4. Increase our investment in upgrades, retrofits, and replacements of old or inefficient equipment to enable demand savings and additional reductions in our carbon footprint;
  5. Build to a minimum of USGBC LEED Silver Standards (or regional equivalents) globally (23 currently);
  6. Track our performance using U.S. Energy Star for Data Centers (or regional equivalents) and strive for facility certification (6 U.S. recertifications for 2015 currently);
  7. Play an active role in the greening of our industry by promoting the use of innovative, clean and renewable technologies through collaboration and advocacy with our customers, peers, utility providers, and other interested parties.
Sushil (Sam) Kapoor, Chief Global Operations Officer, Equinix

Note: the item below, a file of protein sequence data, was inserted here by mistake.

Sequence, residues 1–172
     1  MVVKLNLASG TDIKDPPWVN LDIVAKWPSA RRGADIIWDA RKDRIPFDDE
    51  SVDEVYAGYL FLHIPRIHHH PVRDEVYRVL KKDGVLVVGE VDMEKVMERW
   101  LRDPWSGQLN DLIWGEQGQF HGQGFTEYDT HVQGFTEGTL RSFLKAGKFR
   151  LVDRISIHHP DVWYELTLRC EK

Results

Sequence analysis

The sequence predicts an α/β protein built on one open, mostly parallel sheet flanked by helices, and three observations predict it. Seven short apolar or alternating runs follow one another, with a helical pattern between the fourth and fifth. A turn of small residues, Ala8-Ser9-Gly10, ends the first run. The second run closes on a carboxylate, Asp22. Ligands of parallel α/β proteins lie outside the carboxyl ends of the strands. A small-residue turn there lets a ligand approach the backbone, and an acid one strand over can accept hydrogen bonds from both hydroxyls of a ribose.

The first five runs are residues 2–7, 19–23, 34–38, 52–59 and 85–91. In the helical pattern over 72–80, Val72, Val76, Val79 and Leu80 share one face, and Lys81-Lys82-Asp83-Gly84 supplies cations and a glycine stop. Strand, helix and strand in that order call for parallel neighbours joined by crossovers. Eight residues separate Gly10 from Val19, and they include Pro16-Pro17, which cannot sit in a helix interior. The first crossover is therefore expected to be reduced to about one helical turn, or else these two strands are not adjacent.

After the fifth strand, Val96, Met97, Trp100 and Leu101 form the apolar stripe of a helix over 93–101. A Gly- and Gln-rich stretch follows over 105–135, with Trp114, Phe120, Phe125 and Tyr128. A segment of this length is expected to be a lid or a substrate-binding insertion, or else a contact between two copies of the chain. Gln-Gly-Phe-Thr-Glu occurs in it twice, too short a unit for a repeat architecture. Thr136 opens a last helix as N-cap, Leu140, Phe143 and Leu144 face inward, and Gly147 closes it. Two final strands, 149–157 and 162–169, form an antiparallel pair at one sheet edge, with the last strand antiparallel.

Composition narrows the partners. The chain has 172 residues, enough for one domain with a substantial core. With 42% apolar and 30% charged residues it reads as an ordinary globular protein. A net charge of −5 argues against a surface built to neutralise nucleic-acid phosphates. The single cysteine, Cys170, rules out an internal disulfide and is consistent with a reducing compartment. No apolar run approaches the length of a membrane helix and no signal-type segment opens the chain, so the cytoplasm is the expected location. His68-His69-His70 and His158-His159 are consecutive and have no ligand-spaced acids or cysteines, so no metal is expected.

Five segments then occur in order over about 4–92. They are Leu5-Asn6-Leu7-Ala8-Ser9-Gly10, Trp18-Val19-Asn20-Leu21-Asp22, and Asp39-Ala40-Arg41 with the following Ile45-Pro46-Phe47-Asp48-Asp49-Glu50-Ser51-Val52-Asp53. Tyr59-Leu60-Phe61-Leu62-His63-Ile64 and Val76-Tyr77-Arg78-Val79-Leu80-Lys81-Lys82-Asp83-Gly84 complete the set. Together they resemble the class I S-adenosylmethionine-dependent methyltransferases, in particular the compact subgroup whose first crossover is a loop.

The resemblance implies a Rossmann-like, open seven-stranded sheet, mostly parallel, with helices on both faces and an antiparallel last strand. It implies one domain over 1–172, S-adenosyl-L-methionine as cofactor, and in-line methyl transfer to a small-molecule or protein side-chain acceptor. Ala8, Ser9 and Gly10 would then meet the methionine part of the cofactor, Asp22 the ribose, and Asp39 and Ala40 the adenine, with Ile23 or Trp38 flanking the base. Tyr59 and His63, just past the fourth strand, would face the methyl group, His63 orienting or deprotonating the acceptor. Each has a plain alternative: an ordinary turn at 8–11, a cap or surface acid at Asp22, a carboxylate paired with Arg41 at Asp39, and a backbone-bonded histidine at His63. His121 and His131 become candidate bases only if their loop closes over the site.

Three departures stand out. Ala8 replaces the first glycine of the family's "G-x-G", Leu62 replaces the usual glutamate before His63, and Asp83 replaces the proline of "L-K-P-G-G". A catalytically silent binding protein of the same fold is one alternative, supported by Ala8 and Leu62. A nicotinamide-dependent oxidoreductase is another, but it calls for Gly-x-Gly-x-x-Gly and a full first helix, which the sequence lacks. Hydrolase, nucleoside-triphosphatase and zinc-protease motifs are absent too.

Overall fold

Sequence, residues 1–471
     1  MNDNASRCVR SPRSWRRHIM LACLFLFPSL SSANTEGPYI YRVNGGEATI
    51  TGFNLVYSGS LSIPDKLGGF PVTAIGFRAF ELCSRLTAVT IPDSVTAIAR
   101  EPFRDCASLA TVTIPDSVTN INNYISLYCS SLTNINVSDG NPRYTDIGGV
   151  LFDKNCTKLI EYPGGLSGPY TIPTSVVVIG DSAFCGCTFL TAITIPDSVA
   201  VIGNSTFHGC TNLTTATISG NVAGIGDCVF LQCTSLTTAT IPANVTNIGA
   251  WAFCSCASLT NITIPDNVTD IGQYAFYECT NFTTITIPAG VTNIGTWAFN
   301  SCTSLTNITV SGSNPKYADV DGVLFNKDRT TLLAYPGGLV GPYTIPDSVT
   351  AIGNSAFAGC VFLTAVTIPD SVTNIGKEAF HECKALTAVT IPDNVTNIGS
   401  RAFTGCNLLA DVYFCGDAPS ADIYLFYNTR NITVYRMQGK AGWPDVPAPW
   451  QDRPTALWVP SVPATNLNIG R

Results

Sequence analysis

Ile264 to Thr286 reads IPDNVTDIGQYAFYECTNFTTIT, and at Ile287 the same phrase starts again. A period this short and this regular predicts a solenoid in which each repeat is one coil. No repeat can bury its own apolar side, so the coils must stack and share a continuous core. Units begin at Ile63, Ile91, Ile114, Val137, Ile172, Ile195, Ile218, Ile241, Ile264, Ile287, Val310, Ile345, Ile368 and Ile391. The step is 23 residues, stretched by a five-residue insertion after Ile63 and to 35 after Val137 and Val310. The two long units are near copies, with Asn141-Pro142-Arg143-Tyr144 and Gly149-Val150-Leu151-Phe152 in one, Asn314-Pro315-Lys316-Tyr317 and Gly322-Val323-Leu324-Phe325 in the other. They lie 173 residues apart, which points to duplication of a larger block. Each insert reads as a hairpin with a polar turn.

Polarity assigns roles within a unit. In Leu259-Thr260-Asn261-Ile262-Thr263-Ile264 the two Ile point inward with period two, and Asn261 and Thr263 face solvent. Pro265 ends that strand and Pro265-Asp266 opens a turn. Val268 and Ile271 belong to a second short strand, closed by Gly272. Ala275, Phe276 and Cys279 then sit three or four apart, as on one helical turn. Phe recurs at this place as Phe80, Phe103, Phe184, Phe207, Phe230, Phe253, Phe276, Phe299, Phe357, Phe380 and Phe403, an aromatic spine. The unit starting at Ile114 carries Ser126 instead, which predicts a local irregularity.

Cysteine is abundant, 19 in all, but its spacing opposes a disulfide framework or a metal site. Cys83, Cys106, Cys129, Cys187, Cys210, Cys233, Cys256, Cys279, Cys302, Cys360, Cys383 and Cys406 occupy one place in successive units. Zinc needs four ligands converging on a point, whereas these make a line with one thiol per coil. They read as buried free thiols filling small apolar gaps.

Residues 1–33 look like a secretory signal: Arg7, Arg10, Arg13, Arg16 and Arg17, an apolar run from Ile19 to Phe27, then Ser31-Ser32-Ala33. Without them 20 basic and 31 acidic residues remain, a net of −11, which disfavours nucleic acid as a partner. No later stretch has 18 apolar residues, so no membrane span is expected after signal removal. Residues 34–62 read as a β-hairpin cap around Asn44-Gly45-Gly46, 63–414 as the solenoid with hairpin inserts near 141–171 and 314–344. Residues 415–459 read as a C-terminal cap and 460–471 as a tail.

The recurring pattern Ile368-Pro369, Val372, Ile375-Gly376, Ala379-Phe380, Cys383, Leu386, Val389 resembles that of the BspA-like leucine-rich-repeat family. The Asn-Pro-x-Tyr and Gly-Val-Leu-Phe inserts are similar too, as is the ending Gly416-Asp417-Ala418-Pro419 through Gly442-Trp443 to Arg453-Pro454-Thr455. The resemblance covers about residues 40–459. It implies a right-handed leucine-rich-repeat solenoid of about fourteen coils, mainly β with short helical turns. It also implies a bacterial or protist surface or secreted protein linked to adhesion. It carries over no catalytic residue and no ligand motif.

Sushil (Sam) Kapoor, Chief Global Operations Officer, Equinix

Equinix is already a moving down a path towards meeting many of these pledges as we’ve previously reported. It has recently announced deals to use solar power in California and Wind power in other parts of the US. These are part of a commitment to make its US data centres 100% reliant on renewable energy.

According to Sam Kapoor, chief global operations officer: “With over 100 data centers around the globe Equinix has a responsibility to power the digital world in a sustainable way. Our pledge today is another commitment to help make our long-term goal of operating our portfolio of data centers using 100 percent clean and renewable energy a reality.”

Generation offset rather than energy consumption